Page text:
Stop Pitching in the Elevator and Start Stalking in the Wild – “Elevator” Pitches for Biologists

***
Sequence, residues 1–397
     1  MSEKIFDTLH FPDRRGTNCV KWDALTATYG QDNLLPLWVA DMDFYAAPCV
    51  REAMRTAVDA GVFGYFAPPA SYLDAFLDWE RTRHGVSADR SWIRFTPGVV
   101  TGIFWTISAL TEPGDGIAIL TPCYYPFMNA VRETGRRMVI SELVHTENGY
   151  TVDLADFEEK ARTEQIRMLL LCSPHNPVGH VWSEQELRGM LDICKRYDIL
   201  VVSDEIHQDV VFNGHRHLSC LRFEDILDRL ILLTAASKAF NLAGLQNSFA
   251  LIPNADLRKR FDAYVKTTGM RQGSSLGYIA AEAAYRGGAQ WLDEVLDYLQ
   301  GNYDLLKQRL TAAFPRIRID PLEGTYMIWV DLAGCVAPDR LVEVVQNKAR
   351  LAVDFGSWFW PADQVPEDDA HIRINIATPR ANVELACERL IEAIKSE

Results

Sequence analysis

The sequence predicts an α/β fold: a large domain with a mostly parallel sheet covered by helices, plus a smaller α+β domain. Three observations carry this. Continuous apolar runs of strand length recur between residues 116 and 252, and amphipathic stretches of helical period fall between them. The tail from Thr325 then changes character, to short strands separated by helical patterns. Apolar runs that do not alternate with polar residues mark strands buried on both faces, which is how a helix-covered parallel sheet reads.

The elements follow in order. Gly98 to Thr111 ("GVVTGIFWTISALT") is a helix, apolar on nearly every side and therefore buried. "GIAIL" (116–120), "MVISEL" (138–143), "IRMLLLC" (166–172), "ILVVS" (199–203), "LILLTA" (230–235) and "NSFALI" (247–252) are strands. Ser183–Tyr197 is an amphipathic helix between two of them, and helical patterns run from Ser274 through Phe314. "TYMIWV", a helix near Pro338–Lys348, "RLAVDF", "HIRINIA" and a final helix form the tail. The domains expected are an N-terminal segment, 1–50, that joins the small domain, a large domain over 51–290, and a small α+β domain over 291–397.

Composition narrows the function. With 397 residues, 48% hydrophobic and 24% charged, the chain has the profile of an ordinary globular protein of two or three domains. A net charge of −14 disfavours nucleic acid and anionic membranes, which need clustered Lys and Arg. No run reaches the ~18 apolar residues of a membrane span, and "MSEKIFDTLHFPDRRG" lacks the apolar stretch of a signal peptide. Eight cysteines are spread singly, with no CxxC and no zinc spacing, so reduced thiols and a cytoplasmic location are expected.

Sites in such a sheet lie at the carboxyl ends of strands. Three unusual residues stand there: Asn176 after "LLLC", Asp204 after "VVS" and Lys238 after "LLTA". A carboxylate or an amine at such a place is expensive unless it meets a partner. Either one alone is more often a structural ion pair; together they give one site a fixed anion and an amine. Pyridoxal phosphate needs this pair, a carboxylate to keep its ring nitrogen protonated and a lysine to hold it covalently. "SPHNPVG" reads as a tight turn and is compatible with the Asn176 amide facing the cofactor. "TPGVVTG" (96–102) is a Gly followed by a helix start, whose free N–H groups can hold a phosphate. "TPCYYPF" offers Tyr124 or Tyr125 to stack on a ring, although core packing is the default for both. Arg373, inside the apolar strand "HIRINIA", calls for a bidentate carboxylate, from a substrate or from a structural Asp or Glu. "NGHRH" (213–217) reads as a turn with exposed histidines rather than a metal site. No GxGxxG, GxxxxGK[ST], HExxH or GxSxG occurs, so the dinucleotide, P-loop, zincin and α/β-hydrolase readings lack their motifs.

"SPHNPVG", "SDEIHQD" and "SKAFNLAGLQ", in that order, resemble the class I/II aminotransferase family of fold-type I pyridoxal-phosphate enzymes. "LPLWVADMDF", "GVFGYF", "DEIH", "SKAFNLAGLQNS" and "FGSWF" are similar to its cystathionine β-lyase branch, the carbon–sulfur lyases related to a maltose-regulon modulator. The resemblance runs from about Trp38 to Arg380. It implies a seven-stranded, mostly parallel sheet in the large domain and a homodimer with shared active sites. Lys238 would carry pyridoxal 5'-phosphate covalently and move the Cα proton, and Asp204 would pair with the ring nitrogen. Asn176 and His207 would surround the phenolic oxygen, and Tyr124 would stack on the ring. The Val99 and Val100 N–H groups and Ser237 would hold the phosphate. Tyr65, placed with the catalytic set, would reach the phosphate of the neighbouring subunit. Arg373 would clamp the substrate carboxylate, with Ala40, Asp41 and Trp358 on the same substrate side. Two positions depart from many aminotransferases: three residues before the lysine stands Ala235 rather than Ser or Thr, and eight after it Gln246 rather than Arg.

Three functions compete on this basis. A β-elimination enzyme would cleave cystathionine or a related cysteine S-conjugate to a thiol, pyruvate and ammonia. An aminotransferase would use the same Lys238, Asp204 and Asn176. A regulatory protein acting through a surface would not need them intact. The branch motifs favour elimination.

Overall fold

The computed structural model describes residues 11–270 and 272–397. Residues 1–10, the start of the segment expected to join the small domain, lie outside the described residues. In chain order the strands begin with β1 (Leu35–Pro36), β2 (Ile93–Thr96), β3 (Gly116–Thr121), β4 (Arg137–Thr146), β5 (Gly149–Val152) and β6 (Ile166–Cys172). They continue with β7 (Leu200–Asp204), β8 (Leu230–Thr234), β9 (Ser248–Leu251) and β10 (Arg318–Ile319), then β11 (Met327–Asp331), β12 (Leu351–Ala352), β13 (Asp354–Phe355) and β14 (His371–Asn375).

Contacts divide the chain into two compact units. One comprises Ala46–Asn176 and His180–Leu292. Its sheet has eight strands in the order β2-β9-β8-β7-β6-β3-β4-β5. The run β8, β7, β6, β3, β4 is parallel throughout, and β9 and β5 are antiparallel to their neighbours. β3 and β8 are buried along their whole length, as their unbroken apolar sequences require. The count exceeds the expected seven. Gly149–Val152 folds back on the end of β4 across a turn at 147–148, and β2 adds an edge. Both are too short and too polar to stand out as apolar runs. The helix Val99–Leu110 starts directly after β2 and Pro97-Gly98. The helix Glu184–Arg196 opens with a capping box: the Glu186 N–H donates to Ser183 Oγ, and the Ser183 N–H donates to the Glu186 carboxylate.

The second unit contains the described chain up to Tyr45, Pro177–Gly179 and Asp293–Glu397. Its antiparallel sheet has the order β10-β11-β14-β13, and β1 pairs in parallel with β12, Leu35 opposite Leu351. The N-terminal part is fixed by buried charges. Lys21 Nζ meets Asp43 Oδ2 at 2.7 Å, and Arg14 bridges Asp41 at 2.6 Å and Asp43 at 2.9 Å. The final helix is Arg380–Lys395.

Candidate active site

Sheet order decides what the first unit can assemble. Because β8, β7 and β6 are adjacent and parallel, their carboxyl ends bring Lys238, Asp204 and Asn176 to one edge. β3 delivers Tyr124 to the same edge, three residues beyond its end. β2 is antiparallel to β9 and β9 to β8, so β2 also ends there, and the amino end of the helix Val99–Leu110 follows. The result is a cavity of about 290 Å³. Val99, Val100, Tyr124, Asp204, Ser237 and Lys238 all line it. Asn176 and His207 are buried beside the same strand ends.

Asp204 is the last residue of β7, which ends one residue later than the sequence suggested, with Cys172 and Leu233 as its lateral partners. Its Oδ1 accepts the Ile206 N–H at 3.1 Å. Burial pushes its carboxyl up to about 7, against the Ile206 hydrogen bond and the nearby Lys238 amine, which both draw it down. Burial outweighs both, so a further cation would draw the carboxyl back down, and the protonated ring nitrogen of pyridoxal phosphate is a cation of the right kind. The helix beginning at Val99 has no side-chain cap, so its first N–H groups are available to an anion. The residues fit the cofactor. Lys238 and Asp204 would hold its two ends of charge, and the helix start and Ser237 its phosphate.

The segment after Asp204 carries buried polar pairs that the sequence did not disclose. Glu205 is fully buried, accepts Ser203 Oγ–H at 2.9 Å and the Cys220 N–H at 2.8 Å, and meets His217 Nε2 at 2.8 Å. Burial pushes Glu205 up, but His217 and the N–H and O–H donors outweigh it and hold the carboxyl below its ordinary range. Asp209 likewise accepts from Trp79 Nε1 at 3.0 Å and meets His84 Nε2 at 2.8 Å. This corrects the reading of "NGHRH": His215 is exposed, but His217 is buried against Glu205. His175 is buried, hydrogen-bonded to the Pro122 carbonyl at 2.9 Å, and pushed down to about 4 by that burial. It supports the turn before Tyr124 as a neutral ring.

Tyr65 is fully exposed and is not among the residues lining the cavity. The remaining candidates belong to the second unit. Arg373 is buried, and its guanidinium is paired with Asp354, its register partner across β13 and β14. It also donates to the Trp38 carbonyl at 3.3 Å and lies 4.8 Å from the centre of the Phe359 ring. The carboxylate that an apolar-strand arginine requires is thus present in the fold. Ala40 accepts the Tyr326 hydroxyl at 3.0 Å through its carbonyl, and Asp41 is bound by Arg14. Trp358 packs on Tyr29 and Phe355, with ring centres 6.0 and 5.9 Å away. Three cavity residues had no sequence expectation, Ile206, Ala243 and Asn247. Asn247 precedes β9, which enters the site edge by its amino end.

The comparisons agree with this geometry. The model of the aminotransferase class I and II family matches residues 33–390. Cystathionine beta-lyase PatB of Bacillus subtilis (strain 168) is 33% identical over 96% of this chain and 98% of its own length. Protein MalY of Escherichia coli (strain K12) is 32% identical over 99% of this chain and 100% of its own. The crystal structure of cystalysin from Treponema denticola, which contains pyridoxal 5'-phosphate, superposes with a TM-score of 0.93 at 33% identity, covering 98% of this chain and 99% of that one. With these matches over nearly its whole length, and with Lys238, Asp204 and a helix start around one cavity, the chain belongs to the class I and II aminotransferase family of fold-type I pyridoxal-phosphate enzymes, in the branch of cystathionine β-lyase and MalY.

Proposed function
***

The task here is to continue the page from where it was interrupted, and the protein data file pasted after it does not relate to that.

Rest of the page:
One of the loftiest goals of any biologist should be the ability to assimilate information, and use that information for new and creative purposes. For example, if it wasn’t for an understanding of physical interaction between x-rays and crystals, we wouldn’t know what the structure of DNA looks like (Mind = Blown). Much like this, I have spent much of my time and working experience using my knowledge in creative ways to come up with solutions to my common problems. This is especially prevalent in my business life, because all my education in business has been self-taught, or derived directly from experience – you know, the nice way of saying I’ve learned from a massive number of mistakes. I recently encountered a group of senior year biology students who had been given an assignment to come up with an “elevator” pitch for finding a job, and they were less than thrilled about it. They didn’t see the purpose of the assignment, and the general attitude was that of frustration and futility. After being told the requirements of this pitch, I could empathize with the students. They had a lot of information that they needed to pack into their “elevator” pitch, and were told that it should take no longer than a minute to say aloud, without rushing. Many students and biologists I have worked with think such things are of no use to them. Here’s the problem with that: of all the skills I have developed and all the knowledge I have accumulated, being able to quickly say who you are and why you are important is in the top 5 skills I use. Every. Single. Day. Convincing others of your greatness and why you are worth something to them is the basis behind getting an interview, a job, a contract, that fat research grant, or a paying customer. Though we as biologists like to think we don’t need to fit into this business norm, and that our work should speak for itself through our journal articles and reports, it doesn’t. We need to be able to communicate, confidently, clearly, and concisely why we are important and valuable. And we need to do so in-person. We may not be perfect business people, but we are biologists! Being a biologist is a fine starting point as we possess a body of knowledge we can draw upon to creatively assess and act upon this problem. I’m going to start this guide with a brief breakdown of the “elevator” pitch, then I’ll get into some of my personal experience, and hopefully I can tie it all together into a neat little step-by-step guide that you can use to make a solid “elevator” pitch using this article and your scientific background! First and foremost, what is it an “elevator” pitch? For those of you that don’t know, it is a sales pitch for a product or service that can be said quickly and concisely, like during an elevator ride. The story of this is imagined as a motivated person with an idea, accidentally stepping into an elevator with the CEO of a company, the person knows this is a golden opportunity to get some exposure for themselves and their ideas, but they only have that elevator ride to impress. I am sure you noticed by now I have been putting the word “elevator” in quotations, it’s because as a Marine Biologist, I find the elevator metaphor tedious, I don’t spend much time in elevators, so I usually refer to it as a sales pitch. What we are trying to do is sell someone on us, our research, our business, ourselves, etc. in a very short time-frame. It doesn’t matter exactly what we are selling, the trend here is that we are giving someone a quick glimpse into what we have, and how it is valuable. As for the pitch itself, there are many ways to formulate such a pitch, and there is a huge amount of information on the internet about sales pitches and how to use them. My recommendation is to look at websites like entrepreneur.com, The Mars Entreprenuer’s Toolkit and mindtools.com, which are excellent business and marketing resources. Now I am going to wax rhapsodical for a moment, and hopefully my experiences give you an insight into navigating this whole process with more ease and success. When I was young, living in the forests of Northern British Columbia, I spent a lot of my time hunting and fishing with my family. I remember spending weekends at a lake casting a line onto the water, or hiking for miles along game trails in search of the animals that my family survived off. As a child I just followed the lead of my parents or grandparents, watched them and followed their directions, but looking back on it I was learning a very useful skill – stalking a target. The main takeaway that I kept hearing was – we are in the animals’ house, and they are keener, smarter, and quicker than us. If we want to eat, we need to understand our target, be where they are, wait for the right opportunity, and in an instant, strike. There were many failures, but there were also some successes, and those successes were the reason we had enough food to keep going. I haven’t had the need to hunt since leaving home and getting an education, but the lessons learned in stalking a target have carried forward throughout my life. Any researcher knows, that getting the right data comes from those same lessons – preparation, patience, and opportunity. The same thing, applies to the sales pitch, so at this point we are going to get out of the elevator, and go on the hunt. Step 1 – Know your target… The first thing, more than anything else, is to know as much about the target in question as possible. Even if all you manage to get out of your pitch is a handshake and a hello, at least you will be able to carry a conversation about their interests, making you look good. In our day and age of social media and the internet, it is easier than ever to learn about a specific person or institute. Find professional information, specific interests, and anything else that seems interesting, you never know what might become relevant. You want to understand your target, whether it’s a professor that you want to get a recommendation letter from, or the hiring manager at a consulting company. Know everything you can. Once you know exactly who it is you are targeting, know what it is they are trying to accomplish. Are they looking for a person to manage a research project? Are they a funding agency? Do they have an amazing internship opportunity? This is important, as it will be the foundation on which the pitch is created. Step 2 – Craft a Pitch… Like I said previously, there are a huge number of ways to create a pitch, which one you use is up to you, your comfort, and what you think the target will respond best to. I personally am a fan of the Value Proposition Statement – this is a type of sales pitch that is popular in lean startup companies to show potential customers why they should buy their product or service. The Value Proposition Statement follows a very simple formula – state the target’s problem, show them the solution, and in 3 points or less, tell them the benefits. In our case, we are trying to sell ourselves, so we are showing the target that we are the solution. At this point, with the preparation we did in step one, we know who our target is and what they are trying to accomplish. Now we need choose how we are going to sell them on us. For example – if I am going into a meeting where I know that there is a group of professors looking for a research manager, I would go into detailed preparation and figure out who is going to be at the meeting. I would then determine who is in charge of hiring, and if any senior level executives are going to be there. Once I have determined all this, I would figure out everything I could about them professionally and personally. Their professional histories, education, what they liked and disliked, what they were looking for in a research manager, and as much about their personalities as possible. From the research, say I determine that they are all your average working professionals at a university, I have worked with their colleagues in a different university, that they are worried about a large project and need someone that is good at handling finances because they had to fire a bookkeeper. Now I have something to craft my value proposition statement. With this information, here is my statement– “I understand that you are looking for a research manager. I am a project management professional with 10 years of experience in academic projects. I would be excited to work with you at XYZ university because my previous associates at ABC university informed me about your upcoming “XYZ” project. I know that my skills in financial management and scheduling would be a real asset to your project team.” In the first sentence, I have already told them I know what they are trying to accomplish, and in the second sentence I am already selling them the solution – me! Notice how I use my network of previous associates to back up my previous experience (this example assumes I am unemployed, but it could easily be adapted if I had a job, or to sell the my company’s services). Because I specified about their “XYZ” project and they know what that project is about, I don't have to tell them the details, I only have to keep working on the solution. Finally, in the last sentence, I give them 2 key skills I know they are looking for based on my prep work, specifically, I focused on financials and scheduling because I know they worried about finance. When I say the whole statement aloud at a moderate pace, it takes ~25 seconds to say. To summarize: I could introduce myself and give the target a customized, verifiable sales pitch. All in approximately one minute. Please remember this example is merely one of many, but hopefully it helps you have some idea of what I mean about a pitch. Step 3 – Go on the hunt… Once you have your target and have created your pitch, you must figure out how you are going track them down. To come back to my example in step 3 – how did I get into that meeting in the first place? In the elevator example, where you accidentally end up in there with the CEO of the company, takes a lot of luck. Luck is good, but what’s better is planning. Again, there are many ways of tracking someone down, you could do it through email, or on the phone, but these methods are impersonal and are less desirable than an in-person meeting. It is best to use emails and phone calls to get an in-person meeting. There are many way to do what is known as a “cold call”, but easiest tactic I have discovered for this is to use a bit of polite stupidity and genuine interest. For example, call up the office of the target, say you are doing a school project on some topic related to what you are trying to pitch and ask if you might be able to get an informational interview with a representative to help with your research. If you are polite and willing to be patient, many people are more flattered than annoyed with such requests, and though it doesn’t always work, it certainly does help. Use this information session to do more planning and collect more information for step 1, but if you end up in the right place, with the right person, then take the opportunity to pitch. Step 4 – Pitch! If the time is right and your target is there, and more importantly interested in talking, then it’s time to strike! Or, more accurately, give them your pitch. A couple of pointers here to help make this a good pitch. First, never make the pitch the first thing you talk about if you have the time to talk. Get to know the person a little first and find a common interest to build rapport. Second, practice your pitch before you use it, it will not just come out fluidly, say it to yourself at home several times, until you are happy with it, and then, try out the pitch on friends and family first, don’t be upset if your friends and family misinterpret the pitch, remember, how they hear it is just as important as how you say it. If it comes off bad to them, fix it. Finally, in the words of the great Douglas Adams – Don’t Panic! When you are out there doing these pitches to accomplish your goals, it will feel a little bit like you are at the mercy of the wilds. If you get to this point you may be heaps of nervous, and feel out of place. Just remember – Even though you are out in the wild, and your target may be keener, smarter, and quicker than you. You were patient, you prepared, and you are hunting them, not the other way around.